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Film / Biloxi Blues

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A 1988 film directed by Mike Nichols and adapted from the second play in Neil Simon's "Eugene trilogy", Biloxi Blues is set during the later half of World War II and follows the story of Eugene Jerome (Matthew Broderick) as he heads to the film's eponymous town for basic army training. There, he comes face-to-face with the kooky drill sergeant by the name of Merwin J. Toomey (Christopher Walken), and tries to get along with other soldiers in his platoon.


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This film contains examples of:

  • From a Certain Point of View: Hennessey tells Wykowski he's part black to expose Wykowski's bigotry. He later clarifies he meant he's Black Irish.
  • Future Badass: In the film's "Where Are They Now?" Epilogue, Eugene narrates that Epstein became a lawyer whom The Mob called "The most feared man in Manhattan."
  • Gallows Humor: Toomey talks about the steel plate in his head.
  • Hooker with a Heart of Gold: Rowena is very friendly and patient with Eugene.
  • Informed Attribute: For all his supposed intelligence, Epstein intentionally mouths off to Sgt. Toomey when they first meet, for no reason other than pure rebelliousness. He continues to not really grasp his situation and fights battles with his superiors he can't possibly win.
  • Informed Judaism: Jerome frequently mentions he's Jewish.
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  • I Will Punish Your Friend for Your Failure: Toomey routinely punishes Wykowski whenever Eugene fucks up. Subverted in that Wykowski is not Eugene's friend, but the biggest, most ill-tempered soldier in the platoon.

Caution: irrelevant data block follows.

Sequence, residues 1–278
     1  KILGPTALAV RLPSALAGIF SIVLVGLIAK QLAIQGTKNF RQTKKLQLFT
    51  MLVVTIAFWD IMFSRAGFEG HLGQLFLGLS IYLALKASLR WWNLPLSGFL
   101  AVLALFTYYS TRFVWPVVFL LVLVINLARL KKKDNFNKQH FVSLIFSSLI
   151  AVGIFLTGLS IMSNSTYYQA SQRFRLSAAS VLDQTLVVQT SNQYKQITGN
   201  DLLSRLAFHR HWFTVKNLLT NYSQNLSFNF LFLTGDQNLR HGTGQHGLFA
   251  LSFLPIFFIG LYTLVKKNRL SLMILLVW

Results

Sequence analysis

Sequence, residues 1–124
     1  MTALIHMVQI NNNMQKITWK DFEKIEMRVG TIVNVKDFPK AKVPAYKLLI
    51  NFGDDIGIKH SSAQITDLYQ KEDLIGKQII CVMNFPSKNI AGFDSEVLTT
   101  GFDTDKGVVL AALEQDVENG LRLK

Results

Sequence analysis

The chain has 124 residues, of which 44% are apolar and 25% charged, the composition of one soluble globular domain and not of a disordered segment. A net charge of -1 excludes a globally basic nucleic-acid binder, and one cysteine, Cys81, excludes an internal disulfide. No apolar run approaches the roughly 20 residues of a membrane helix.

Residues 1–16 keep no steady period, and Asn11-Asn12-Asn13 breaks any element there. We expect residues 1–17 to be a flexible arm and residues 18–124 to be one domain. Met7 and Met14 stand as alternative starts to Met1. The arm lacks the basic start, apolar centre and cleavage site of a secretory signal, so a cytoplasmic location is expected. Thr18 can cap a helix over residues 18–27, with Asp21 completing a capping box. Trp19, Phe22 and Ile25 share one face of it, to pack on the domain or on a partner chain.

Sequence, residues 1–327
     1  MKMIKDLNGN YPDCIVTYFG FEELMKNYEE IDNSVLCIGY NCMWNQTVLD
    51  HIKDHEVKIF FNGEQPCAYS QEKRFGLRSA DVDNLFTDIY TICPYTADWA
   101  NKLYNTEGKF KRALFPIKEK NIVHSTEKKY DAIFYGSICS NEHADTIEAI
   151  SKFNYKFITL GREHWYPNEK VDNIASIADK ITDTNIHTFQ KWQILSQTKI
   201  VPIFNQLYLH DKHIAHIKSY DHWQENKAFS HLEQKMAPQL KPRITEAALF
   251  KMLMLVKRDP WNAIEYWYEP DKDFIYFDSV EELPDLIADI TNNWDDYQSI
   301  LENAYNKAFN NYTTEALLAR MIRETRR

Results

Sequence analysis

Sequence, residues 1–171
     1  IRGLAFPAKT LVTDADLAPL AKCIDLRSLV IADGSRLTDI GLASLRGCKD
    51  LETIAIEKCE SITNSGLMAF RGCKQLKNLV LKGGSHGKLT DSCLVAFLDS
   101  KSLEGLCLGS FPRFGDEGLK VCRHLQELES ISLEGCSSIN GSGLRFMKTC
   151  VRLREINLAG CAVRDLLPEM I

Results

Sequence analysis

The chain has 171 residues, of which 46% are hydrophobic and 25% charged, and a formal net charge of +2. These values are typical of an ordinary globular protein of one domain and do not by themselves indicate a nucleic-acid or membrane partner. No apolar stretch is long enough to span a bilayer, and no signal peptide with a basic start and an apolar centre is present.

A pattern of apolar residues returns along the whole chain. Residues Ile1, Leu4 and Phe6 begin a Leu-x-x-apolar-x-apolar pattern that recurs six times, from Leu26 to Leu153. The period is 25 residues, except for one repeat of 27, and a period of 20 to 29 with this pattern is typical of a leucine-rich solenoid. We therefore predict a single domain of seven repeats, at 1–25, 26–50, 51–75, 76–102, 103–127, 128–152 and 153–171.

• "Just Joking" Justification: Selridge pulls this after he tries to take back his money and Wykowski threatens him.
  • Mistaken for Gay: Epstein, when it turns out to be Hennessy who's gay.
  • Physical Fitness Punishment:
    • The entire platoon is made to do two hundred push-ups for some soldier's impertinent comment.
    • Inverted in the end when Toomey is forced by the other men to undergo the same punishment.
  • Potty Emergency: Epstein is forced to do the two hundred push-ups while having to pee the entire time.
  • Sex as Rite-of-Passage: Eugene equates losing his virginity to growing up, and makes it one of his goals.
  • "Shaggy Dog" Story: In the film, at least. After all the training and the problems and tensions resulting from it, the war ends with not one of the main characters seeing active service, since the atomic bombs are dropped on Japan one week before they're due to be shipped out to the Pacific Theatre.
  • Something Blues: The title.
  • Spared by the Adaptation: Epstein. Maybe. The stage show reveals he went missing in action, and no one knows what happened to him, though Eugene holds out hope that he's still alive. The movie makes it clear that he survived the war and is now a lawyer.
  • Quest for Sex: Eugene makes losing his virginity one of the goals of his Army tenure.
  • "Where Are They Now?" Epilogue: At the end of the film, Jerome gives a closing narration about what happened to him and the other members of his platoon.
  • World of Snark: It's a Neil Simon play, so pretty much everyone really.
  • World War II: The film is set during the latter half of the Second World War.

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